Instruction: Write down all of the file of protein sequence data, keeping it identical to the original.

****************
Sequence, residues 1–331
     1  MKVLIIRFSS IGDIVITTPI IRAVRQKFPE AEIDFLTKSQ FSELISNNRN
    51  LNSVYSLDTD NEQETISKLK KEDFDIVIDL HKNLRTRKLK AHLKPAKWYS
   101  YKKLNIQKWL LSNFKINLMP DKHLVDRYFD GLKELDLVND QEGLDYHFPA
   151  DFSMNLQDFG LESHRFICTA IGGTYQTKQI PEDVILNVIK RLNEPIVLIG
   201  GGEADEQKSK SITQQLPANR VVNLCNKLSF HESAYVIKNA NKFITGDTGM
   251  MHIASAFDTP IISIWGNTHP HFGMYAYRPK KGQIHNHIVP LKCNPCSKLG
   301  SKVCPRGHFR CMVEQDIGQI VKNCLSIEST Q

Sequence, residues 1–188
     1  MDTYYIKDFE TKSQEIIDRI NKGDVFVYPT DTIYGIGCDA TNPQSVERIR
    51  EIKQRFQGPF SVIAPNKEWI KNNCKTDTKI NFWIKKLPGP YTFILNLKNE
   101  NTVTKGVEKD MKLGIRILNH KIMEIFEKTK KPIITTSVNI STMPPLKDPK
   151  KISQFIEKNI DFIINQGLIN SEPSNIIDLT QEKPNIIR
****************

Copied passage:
Sequence, residues 1–331
     1  MKVLIIRFSS IGDIVITTPI IRAVRQKFPE AEIDFLTKSQ FSELISNNRN
    51  LNSVYSLDTD NEQETISKLK KEDFDIVIDL HKNLRTRKLK AHLKPAKWYS
   101  YKKLNIQKWL LSNFKINLMP DKHLVDRYFD GLKELDLVND QEGLDYHFPA
   151  DFSMNLQDFG LESHRFICTA IGGTYQTKQI PEDVILNVIK RLNEPIVLIG
   201  GGEADEQKSK SITQQLPANR VVNLCNKLSF HESAYVIKNA NKFITGDTGM
   251  MHIASAFDTP IISIWGNTHP HFGMYAYRPK KGQIHNHIVP LKCNPCSKLG
   301  SKVCPRGHFR CMVEQDIGQI VKNCLSIEST Q

Sequence, residues 1–188
     1  MDTYYIKDFE TKSQEIIDRI NKGDVFVYPT DTIYGIGCDA TNPQSVERIR
    51  EIKQRFQGPF SVIAPNKEWI KNNCKTDTKI NFWIKKLPGP YTFILNLKNE
   101  NTVTKGVEKD MKLGIRILNH KIMEIFEKTK KPIITTSVNI STMPPLKDPK
   151  KISQFIEKNI DFIINQGLIN SEPSNIIDLT QEKPNIIR